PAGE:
Results 1  10
of
77
Guaranteed minimumrank solutions of linear matrix equations via nuclear norm minimization
, 2007
"... The affine rank minimization problem consists of finding a matrix of minimum rank that satisfies a given system of linear equality constraints. Such problems have appeared in the literature of a diverse set of fields including system identification and control, Euclidean embedding, and collaborative ..."
Abstract

Cited by 218 (15 self)
 Add to MetaCart
The affine rank minimization problem consists of finding a matrix of minimum rank that satisfies a given system of linear equality constraints. Such problems have appeared in the literature of a diverse set of fields including system identification and control, Euclidean embedding, and collaborative filtering. Although specific instances can often be solved with specialized algorithms, the general affine rank minimization problem is NPhard, because it contains vector cardinality minimization as a special case. In this paper, we show that if a certain restricted isometry property holds for the linear transformation defining the constraints, the minimum rank solution can be recovered by solving a convex optimization problem, namely the minimization of the nuclear norm over the given affine space. We present several random ensembles of equations where the restricted isometry property holds with overwhelming probability, provided the codimension of the subspace is sufficiently large. The techniques used in our analysis have strong parallels in the compressed sensing framework. We discuss how affine rank minimization generalizes this preexisting concept and outline a dictionary relating concepts from cardinality minimization to those of rank minimization. We also discuss several algorithmic approaches to solving the norm minimization relaxations, and illustrate our results with numerical examples.
Primaldual subgradient methods for convex problems
, 2005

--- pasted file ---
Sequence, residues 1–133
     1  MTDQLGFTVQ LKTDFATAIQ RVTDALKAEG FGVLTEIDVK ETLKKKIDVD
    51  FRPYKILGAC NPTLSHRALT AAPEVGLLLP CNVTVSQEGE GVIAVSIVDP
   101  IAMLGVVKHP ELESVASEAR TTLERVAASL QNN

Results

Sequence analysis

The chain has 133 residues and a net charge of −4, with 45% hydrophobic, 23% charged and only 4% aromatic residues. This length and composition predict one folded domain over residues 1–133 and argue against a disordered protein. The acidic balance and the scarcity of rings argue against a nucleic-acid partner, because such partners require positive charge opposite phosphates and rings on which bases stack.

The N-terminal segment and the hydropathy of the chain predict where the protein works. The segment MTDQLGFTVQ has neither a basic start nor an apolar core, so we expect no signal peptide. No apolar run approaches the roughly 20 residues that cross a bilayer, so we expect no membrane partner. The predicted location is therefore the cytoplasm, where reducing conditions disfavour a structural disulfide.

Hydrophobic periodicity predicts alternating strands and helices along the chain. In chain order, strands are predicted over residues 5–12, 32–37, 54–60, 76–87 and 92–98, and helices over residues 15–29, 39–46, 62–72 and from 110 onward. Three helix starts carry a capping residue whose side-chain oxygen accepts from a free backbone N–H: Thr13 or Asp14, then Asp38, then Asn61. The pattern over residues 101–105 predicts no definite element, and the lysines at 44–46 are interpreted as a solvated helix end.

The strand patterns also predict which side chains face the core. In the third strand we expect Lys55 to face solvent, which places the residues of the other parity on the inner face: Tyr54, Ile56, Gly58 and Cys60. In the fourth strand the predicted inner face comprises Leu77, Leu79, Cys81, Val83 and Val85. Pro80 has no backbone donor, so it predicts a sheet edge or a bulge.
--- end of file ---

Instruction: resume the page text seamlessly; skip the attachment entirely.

"... (after revision) In this paper we present a new approach for constructing subgradient schemes for different types of nonsmooth problems with convex structure. Our methods are primaldual since they are always able to generate a feasible approximation to the optimum of an appropriately formulated dual ..."
Abstract

Cited by 75 (1 self)
 Add to MetaCart
(after revision) In this paper we present a new approach for constructing subgradient schemes for different types of nonsmooth problems with convex structure. Our methods are primaldual since they are always able to generate a feasible approximation to the optimum of an appropriately formulated dual problem. Besides other advantages, this useful feature provides the methods with a reliable stopping criterion. The proposed schemes differ from the classical approaches (divergent series methods, mirror descent methods) by presence of two control sequences. The first sequence is responsible for aggregating the support functions in the dual space, and the second one establishes a dynamically updated scale between the primal and dual spaces. This additional flexibility allows to guarantee a boundedness of the sequence of primal test points even in the case of unbounded feasible set. We present the variants of subgradient schemes for nonsmooth convex minimization, minimax problems, saddle point problems, variational inequalities, and stochastic optimization. In all situations our methods are proved to be optimal from the view point of worstcase blackbox lower complexity bounds.
Proxmethod with rate of convergence o(1/t) for variational inequalities with lipschitz continuous monotone operators and smooth convexconcave saddlepoint problems
 SIAM Journal on Optimization
"... Abstract. We propose a proxtype method with efficiency estimate O(ɛ−1) for approximating saddle points of convexconcave C1,1 functions and solutions of variational inequalities with monotone Lipschitz continuous operators. Application examples include matrix games, eigenvalue minimization, and com ..."
Abstract

Cited by 73 (12 self)
 Add to MetaCart
Abstract. We propose a proxtype method with efficiency estimate O(ɛ−1) for approximating saddle points of convexconcave C1,1 functions and solutions of variational inequalities with monotone Lipschitz continuous operators. Application examples include matrix games, eigenvalue minimization, and computing the Lovasz capacity number of a graph, and these are illustrated by numerical experiments with largescale matrix games and Lovasz capacity problems.
Efficient Projections onto the ℓ1Ball for Learning in High Dimensions
"... We describe efficient algorithms for projecting a vector onto the ℓ1ball. We present two methods for projection. The first performs exact projection in O(n) expected time, where n is the dimension of the space. The second works on vectors k of whose elements are perturbed outside the ℓ1ball, proje ..."